Describing Scenery with Adjectives and Descriptive Language
The first photo I shared in week 3 of #nostalgicnovember was taken in New Zealand. Spread across a bright green, rolling hillside were thousands of off-white dots. These off-white dots looked almost like a vast cotton field. The green grass that peeked from underneath the white specks appeared so bright because of the way its horizon met an almost white sky, an overcast day with one large, luminous cloud covering the sun. When you look at the off-white dots up close, you can see they are not specks of cotton, but sheep. Thousands of sheep danced around the field, in an enclosed area right off a dirt road. This is what I imagine when I think of driving through the countryside on the South Island of New Zealand.
I want you to try and imagine this photo, if you haven’t already, by using the descriptive language to “paint” yourself a picture. You can utilize the many adjectives (bright green, rolling, off-white, vast, overcast, large, luminous, etc..) to bring life to the nouns (things). You can think about the personification* I used to imagine what was happening (the grass peeked, thousands of sheep danced), and apply the comparisons I used to understand what to envision/see in your mind (looked like a vast cotton field). Finally, I gave details in my description that would allow you to visualize concrete things in the photo ([the] horizon met [the] sky, the sheep, an enclosed area, dirt road), make sure these find their way into your photo.
You are going to see the photo that I was describing below, but I want you to really try and imagine it first to see how powerful descriptive language can be in writing and communication. Learning how to and becoming comfortable with descriptive language will enable you to express yourself more effectively, and use your English language in a more meaningful way. This week on my Instagram photo challenge, it’s the perfect opportunity to practice this skill. Why? Well for 2 reasons. The first is you will have the opportunity to read my posts (@jenesl760), Wanderful‘s posts (@sheswanderful), and other Instagramers, so you can see how we all use descriptive language. You can learn and expand your vocabulary, while improving reading comprehension. The next benefit of participating in the challenge is that you will have the chance to practice writing and using your own descriptive language. Practice makes perfect, right? So apply these new skills and practice using them; plus if you share with me, I will give you personal feedback! A final bonus that’s really amazing is one lucky participator (someone sharing posts, tagging us, and using #nostalgicnovember) will win a prize pack from me and sheswanderful.com! (WAHOO!)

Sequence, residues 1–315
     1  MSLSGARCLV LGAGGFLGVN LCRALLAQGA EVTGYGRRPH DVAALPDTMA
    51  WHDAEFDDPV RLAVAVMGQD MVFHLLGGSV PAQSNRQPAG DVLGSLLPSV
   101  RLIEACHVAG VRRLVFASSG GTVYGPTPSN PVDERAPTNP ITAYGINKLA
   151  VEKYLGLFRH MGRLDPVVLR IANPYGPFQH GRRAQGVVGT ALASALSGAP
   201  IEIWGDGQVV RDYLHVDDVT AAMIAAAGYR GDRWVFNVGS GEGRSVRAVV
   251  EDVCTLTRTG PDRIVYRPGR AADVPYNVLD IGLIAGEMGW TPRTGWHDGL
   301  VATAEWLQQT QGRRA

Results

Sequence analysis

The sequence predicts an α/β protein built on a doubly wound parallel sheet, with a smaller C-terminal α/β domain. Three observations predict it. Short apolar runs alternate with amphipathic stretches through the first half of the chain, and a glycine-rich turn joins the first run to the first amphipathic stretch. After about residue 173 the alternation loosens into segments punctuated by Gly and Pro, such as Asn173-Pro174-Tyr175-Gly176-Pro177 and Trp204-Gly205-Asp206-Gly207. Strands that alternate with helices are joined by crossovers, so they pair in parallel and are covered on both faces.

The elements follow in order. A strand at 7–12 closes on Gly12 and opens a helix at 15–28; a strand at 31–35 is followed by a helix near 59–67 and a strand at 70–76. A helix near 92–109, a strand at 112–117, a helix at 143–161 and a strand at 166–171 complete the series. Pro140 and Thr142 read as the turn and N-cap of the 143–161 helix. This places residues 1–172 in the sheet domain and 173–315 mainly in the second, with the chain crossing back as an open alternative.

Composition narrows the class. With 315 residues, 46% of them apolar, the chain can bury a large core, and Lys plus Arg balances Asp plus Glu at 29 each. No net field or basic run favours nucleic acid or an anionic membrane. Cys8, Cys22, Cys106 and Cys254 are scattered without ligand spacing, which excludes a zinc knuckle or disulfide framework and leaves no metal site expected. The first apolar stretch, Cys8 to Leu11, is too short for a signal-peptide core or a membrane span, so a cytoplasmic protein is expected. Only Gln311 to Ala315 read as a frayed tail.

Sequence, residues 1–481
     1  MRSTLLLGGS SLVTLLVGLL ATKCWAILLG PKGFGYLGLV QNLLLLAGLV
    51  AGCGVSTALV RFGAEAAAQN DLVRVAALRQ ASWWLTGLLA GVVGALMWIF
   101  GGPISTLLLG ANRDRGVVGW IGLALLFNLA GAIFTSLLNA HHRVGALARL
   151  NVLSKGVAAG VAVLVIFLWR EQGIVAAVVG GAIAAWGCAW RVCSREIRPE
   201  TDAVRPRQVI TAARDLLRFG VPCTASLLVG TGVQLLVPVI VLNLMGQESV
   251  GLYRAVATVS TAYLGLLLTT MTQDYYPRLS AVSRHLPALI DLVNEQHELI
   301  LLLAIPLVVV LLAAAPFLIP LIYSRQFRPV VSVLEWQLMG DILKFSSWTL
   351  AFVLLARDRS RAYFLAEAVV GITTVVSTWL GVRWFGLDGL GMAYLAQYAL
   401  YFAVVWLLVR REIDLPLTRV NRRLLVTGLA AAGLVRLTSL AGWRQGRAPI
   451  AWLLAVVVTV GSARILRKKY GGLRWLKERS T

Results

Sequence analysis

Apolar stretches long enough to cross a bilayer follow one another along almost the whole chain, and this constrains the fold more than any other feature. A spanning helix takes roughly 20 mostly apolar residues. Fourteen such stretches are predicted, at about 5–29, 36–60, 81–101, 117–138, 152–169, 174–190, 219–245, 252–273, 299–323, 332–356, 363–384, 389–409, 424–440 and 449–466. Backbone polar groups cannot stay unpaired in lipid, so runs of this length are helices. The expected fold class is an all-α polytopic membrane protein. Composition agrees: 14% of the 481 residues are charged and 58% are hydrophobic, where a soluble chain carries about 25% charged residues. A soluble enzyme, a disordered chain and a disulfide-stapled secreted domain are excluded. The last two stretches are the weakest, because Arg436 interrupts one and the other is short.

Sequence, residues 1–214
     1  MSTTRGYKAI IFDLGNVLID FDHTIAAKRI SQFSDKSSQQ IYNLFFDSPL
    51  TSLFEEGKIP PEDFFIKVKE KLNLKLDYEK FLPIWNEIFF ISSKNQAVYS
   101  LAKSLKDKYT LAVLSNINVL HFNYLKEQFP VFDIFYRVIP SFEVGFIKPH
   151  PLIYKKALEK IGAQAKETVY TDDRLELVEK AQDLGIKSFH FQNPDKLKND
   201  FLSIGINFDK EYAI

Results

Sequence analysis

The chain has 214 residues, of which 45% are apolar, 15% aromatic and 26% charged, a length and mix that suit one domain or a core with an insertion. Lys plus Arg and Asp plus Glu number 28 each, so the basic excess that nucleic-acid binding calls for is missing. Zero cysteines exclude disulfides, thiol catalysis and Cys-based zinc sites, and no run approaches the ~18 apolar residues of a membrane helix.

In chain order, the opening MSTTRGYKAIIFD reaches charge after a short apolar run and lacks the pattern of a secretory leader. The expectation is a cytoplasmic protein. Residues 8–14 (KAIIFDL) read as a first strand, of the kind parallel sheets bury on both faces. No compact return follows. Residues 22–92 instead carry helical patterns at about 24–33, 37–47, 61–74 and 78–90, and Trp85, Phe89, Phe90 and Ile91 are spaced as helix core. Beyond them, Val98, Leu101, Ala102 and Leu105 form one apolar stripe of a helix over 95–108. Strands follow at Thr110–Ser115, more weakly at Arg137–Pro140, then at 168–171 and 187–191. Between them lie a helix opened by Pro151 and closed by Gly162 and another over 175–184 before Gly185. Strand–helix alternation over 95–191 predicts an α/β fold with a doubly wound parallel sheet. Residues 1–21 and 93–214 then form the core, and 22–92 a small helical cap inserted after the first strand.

A quick English lesson before we see my photo…
off-white [noun] a color that is a slightly gray (grayish) white – often used as an adjective
dots [plural noun]: small round mark (usually a circle)
vast [adjective]: very large in amount or size
peek [verb]: to look at something from a hidden place; to look at briefly
specks [plural noun]: a very small spot or piece of something
luminous [adjective]: very bright, filled with light
enclosed [adjective]: being surround by something, such as a wall or fence
to paint (one’s self) a picture [expression]: to imagine an image in one’s head and visualize it as if it were a real photo or picture
personification [noun]: a form of figurative language, when a human characteristic is applied to something that is not human (like an object or animal)
Personification Examples & Explanations:
As mentioned, personification is when a writer (or someone) gives a human characteristic (a verb, for example) to a non-human thing. In my photo description, I applied the verb PEEK when talking about what the grass was doing. Peeking, or “looking”, is a human characteristic because humans have eyes that can see and look at something, the object, grass, cannot. So I used this verb to help describe how the grass was “looking out” from underneath the sheep, how the grass was essentially looking from a hidden place which was below the sheep. This can help you visualize how little of the grass may be showing, or how many sheep (white specks) there actually are. Additionally, I described the sheep as dancing around the field. We know that a sheep, an animal, doesn’t really have the ability to dance (move to the rhythm of music), so this human characteristic was used to describe the way they seemed to move around (be spread out) across the field.
Other examples of personification:
“I am so hungry that I hear my lunch calling my name!”
“I could hear the leaves whispering in the wind today.”
Emily Dickinson used a few personifications, with adjectives and a verb, in this example: “..”Where bashful flower blow, and blushing birds go down to drink, and shadows tremble so..”
Now that you have imagined my photo, and an idea of how to use descriptive language, take a look at my first scenery picture. Was it close to what you imagined? What was the same, what did you image differently?
It’s time to practice what you’ve learned in today’s lesson and share your own photos now with me and Wanderful over on Instagram. Participating is easy, remember all you need to do is:
- Go to Instagram and make sure you follow me and @sheswanderful
- Post your favorite scenic landscape from the past and hashtag #nostalgicnovember and tag the two of us so we can see
- Be sure to use as much descriptive language (as mentioned above) as you can for even more practice
- See if your photo is a feature on our page, we’ll tag you so you will know!
- At the end of the month, we’ll announce the prize winner
I hope you enjoyed your lesson today, and please share with someone you know studying English to help them too! Sharing is caring. Happy Monday and as always,
Thank you for this article!
My pleasure 🙂 Are you joining the challenge?